Second, in 2018, McGuckin signed a False Claims Act settlement as manager/owner of Vascular Access Centers, L.P. (“VAC”) and related entities, which resolved multi-million dollar qui tam lawsuits in the Southern District of New York and Eastern District of Louisiana. In the settlement, McGuckin, on behalf of his entities, admitted that his entities regularly scheduled, performed, and billed for vascular procedures “even though the patients presented without any documented evidence that they exhibited a need for therapies.” More information on those prior settlements is available here: https://www.justice.gov/usao-sdny/pr/manhattan-us-attorney-announces-settlement-fraudulent-billing-claims-against-vascular; https://www.justice.gov/usao-edla/pr/vascular-access-centers-pay-least-3825-million-resolve-false-claims-act-allegations.
Additionally, in 2019, McGuckin caused VAC to file for bankruptcy in this District—a filing that Bankruptcy Judge Ashely M. Chan found was orchestrated in bad faith. Judge Chan found that McGuckin’s misconduct in connection with the VAC bankruptcy, including making false statements to the Court on behalf of Philadelphia Vascular Institute, LLC, subjected him to sanctions by the Court. See, e.g., In re Vascular Access Centers, L.P., 611 B.R. 742 (Bankr. E.D. Pa 2000), appeal pending.
The current False Claims Act case is captioned United States of America ex rel. Aaron Shiloh, M.D., FSIR v. Philadelphia Vascular Institute and James McGuckin, M.D., Case No. 18-5458 (E.D. Pa.). This lawsuit was originally filed under the qui tam, or whistleblower, provisions of the False Claims Act, which permit private parties (called relators) to sue on behalf of the government when they discover evidence that defendants have submitted false claims for government funds and to receive a share of any recovery. If the United States proves that a defendant has knowingly submitted false claims, it is entitled to recover three times the damage that resulted plus a penalty of $13,508 to $27,018 per claim. The False Claims Act also permits the government to intervene in such lawsuits, as it did when it filed a notice of intervention in this case on February 28, 2023.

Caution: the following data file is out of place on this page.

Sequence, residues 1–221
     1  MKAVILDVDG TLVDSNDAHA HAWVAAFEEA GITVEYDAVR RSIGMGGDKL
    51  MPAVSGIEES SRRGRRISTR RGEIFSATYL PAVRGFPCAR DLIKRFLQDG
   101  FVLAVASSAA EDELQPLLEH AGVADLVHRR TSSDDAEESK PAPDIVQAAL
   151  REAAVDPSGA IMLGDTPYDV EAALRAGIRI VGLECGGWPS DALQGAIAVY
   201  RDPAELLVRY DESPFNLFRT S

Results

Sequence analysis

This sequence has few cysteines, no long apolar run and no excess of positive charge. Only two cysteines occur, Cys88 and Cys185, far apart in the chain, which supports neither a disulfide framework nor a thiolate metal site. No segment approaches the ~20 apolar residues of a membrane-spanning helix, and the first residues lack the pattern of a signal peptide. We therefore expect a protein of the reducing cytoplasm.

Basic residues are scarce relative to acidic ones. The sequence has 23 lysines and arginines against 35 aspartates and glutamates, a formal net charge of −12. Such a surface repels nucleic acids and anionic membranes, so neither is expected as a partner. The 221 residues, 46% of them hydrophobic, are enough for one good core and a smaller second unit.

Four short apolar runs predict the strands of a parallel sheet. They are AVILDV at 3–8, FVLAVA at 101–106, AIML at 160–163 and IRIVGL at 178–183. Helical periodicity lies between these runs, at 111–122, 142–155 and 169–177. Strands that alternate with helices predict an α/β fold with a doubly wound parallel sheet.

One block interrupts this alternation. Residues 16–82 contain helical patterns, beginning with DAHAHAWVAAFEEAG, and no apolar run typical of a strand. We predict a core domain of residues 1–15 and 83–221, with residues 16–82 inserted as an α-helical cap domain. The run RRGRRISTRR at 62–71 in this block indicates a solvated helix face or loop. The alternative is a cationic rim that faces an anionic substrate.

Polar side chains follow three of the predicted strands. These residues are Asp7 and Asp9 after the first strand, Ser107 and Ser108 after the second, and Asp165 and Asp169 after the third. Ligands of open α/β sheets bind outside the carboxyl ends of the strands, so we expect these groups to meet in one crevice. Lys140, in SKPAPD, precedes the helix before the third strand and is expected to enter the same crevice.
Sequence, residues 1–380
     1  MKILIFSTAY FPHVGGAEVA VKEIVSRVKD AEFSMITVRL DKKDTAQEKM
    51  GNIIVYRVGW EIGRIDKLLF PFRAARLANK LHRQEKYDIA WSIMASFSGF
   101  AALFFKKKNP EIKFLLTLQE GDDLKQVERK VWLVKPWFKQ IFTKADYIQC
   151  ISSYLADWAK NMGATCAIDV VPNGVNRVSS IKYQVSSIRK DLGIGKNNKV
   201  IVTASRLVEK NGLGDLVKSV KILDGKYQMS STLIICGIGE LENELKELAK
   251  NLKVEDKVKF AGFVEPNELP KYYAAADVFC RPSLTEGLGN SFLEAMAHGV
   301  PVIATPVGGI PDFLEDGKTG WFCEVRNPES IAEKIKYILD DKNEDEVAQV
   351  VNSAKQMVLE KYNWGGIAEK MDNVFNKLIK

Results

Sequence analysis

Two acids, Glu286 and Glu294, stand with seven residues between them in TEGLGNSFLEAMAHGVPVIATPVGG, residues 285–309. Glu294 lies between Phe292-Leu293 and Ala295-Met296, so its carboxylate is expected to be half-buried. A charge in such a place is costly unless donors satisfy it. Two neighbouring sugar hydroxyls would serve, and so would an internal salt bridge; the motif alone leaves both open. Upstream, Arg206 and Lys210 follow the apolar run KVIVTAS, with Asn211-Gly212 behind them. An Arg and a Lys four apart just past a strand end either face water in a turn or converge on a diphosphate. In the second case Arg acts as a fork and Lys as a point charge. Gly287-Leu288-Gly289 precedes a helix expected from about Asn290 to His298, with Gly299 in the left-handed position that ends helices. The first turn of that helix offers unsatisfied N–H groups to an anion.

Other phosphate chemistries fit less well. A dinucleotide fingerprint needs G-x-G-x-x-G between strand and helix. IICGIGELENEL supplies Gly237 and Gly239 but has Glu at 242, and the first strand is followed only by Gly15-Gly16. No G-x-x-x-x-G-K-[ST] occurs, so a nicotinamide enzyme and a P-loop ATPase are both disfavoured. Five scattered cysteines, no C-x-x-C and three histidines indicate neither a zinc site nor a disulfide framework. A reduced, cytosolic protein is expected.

The relator, Dr. Aaron Shiloh, is an interventional radiologist who worked for and with Defendants. “We sincerely thank the relator in this case. Without people like Dr. Shiloh being willing to shed light on allegations of fraud, preserving government program funds would be far more challenging,” said U.S. Attorney Romero.
The case has been investigated by the U.S. Department of Health and Human Services Office of the Inspector General. The case is being handled by Assistant U.S. Attorneys Lauren DeBruicker and Matthew E. K. Howatt, as well as Auditor Dawn Wiggins and Investigator Frank O’Connor.
Outcome: All civil claims are allegations only. There has been no determination of civil liability.